It goes without saying

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A phrase that’s been showing up recently is, “no pressure.” It usually comes in a pitch letter of some sort, written by someone who isn’t in a position to exert any pressure.

So why say it?

It’s a bit like, “while supplies last.” And “to be honest…” which is perhaps the most self-negating of the three.

It’s throat-clearing, a word salad designed to somehow establish a connection or at least the appearance of empathy or clear thought.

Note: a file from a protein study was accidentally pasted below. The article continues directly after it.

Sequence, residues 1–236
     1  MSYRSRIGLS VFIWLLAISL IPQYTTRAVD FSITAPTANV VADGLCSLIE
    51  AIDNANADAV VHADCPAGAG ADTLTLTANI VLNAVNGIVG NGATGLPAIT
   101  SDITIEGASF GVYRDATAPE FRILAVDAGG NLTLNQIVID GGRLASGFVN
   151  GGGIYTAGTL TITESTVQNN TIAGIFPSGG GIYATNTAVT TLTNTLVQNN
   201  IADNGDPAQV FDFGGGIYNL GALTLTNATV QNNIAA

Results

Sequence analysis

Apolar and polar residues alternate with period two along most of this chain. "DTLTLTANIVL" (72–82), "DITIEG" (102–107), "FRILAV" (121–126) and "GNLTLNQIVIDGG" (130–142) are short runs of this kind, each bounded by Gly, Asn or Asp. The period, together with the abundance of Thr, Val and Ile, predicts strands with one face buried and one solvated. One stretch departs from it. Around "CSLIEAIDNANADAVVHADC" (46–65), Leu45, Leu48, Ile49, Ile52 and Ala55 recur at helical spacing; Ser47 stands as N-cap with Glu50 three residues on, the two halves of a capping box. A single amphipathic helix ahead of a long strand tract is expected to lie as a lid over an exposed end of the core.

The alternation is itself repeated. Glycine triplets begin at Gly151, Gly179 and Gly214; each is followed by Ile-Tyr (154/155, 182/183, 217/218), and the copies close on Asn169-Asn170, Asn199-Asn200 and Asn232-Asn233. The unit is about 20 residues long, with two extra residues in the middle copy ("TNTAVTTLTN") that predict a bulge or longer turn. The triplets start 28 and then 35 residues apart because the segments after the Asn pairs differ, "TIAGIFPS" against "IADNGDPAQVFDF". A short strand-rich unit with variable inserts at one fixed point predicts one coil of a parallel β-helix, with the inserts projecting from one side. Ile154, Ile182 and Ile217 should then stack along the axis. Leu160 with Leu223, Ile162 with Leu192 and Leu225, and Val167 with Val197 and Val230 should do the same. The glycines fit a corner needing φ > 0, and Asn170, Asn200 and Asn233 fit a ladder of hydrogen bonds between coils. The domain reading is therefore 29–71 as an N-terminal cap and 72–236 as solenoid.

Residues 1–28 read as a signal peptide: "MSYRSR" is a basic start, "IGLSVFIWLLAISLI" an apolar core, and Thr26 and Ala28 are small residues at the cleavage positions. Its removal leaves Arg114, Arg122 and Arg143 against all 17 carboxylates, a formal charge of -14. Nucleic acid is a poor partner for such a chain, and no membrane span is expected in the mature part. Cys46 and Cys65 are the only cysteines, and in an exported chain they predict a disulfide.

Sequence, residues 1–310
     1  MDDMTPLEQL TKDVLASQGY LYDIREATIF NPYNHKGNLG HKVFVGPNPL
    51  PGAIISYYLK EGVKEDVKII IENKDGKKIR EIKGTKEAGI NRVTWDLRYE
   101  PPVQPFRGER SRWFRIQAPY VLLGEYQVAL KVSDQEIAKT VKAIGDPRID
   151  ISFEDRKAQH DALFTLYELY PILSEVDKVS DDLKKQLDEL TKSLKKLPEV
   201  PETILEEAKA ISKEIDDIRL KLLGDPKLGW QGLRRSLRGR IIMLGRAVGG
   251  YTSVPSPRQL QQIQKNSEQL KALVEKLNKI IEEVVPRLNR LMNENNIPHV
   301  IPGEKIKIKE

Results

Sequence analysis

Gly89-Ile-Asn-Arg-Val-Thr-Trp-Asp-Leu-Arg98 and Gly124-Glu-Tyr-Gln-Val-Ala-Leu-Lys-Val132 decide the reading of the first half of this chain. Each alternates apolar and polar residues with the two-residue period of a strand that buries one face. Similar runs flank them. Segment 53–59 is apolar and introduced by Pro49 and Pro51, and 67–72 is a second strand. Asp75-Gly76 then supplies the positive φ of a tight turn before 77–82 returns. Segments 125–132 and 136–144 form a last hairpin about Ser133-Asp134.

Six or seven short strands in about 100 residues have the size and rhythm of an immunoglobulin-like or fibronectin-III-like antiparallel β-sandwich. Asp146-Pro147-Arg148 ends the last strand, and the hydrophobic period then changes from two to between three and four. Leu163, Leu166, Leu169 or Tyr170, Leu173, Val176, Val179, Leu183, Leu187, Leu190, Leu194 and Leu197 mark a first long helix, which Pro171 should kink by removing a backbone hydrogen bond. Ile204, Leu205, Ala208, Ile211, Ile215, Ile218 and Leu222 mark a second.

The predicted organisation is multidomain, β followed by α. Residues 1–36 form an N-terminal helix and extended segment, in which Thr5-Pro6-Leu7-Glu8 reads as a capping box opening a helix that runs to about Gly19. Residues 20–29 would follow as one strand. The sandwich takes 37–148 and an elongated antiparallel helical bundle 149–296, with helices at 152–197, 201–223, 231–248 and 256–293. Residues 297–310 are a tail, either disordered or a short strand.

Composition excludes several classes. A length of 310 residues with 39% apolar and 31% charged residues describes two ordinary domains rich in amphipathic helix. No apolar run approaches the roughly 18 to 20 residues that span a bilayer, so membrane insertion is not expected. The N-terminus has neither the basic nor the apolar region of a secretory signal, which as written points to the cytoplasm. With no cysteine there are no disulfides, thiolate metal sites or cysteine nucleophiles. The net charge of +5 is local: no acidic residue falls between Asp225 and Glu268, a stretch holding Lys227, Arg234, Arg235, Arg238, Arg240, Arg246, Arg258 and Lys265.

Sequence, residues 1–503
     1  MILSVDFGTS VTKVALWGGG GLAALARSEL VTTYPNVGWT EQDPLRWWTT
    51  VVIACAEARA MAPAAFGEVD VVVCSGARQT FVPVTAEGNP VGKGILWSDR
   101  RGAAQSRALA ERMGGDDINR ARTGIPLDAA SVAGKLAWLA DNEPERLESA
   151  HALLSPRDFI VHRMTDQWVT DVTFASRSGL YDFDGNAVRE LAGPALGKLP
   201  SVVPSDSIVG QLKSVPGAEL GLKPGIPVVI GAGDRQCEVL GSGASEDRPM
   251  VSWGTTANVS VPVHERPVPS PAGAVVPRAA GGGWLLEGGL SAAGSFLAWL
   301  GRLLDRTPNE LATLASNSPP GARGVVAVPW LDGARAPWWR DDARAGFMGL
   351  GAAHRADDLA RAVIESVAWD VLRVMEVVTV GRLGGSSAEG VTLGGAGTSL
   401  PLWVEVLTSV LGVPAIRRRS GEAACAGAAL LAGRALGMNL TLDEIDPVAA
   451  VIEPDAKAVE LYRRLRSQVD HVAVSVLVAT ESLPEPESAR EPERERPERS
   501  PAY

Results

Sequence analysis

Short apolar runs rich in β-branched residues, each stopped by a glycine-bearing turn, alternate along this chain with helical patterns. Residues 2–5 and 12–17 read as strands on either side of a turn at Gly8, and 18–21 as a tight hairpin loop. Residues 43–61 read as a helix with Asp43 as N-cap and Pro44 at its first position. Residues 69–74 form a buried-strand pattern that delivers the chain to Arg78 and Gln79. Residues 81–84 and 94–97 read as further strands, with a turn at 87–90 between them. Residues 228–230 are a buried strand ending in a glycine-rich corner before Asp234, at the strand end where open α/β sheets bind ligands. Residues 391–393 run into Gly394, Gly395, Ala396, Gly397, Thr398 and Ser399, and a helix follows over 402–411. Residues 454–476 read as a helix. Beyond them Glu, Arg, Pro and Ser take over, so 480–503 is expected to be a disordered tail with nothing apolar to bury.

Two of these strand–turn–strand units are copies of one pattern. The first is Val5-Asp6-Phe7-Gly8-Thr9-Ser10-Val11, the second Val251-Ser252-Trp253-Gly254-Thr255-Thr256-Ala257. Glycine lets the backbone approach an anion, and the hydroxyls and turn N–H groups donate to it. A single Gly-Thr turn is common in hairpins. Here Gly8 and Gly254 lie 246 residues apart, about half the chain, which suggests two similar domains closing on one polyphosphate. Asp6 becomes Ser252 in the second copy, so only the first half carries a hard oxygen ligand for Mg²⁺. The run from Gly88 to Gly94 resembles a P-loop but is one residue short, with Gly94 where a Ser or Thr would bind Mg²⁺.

Semiotics is the science of signs and symbols. A stop sign isn’t a stop sign unless it looks like a stop sign, and that song they sing on your birthday means something really different if people whisper it quietly.

It’s tempting to simply focus our attention on the text itself. That we should say what we mean and mean what we say. But messages merely begin with the text. The rhythm, presentation, source, and context deliver most of what we take away from a message.

Watching a video with the sound off communicates far more than we realize.

And one way to develop a style of writing is to skip the salad. Simply say what you mean.

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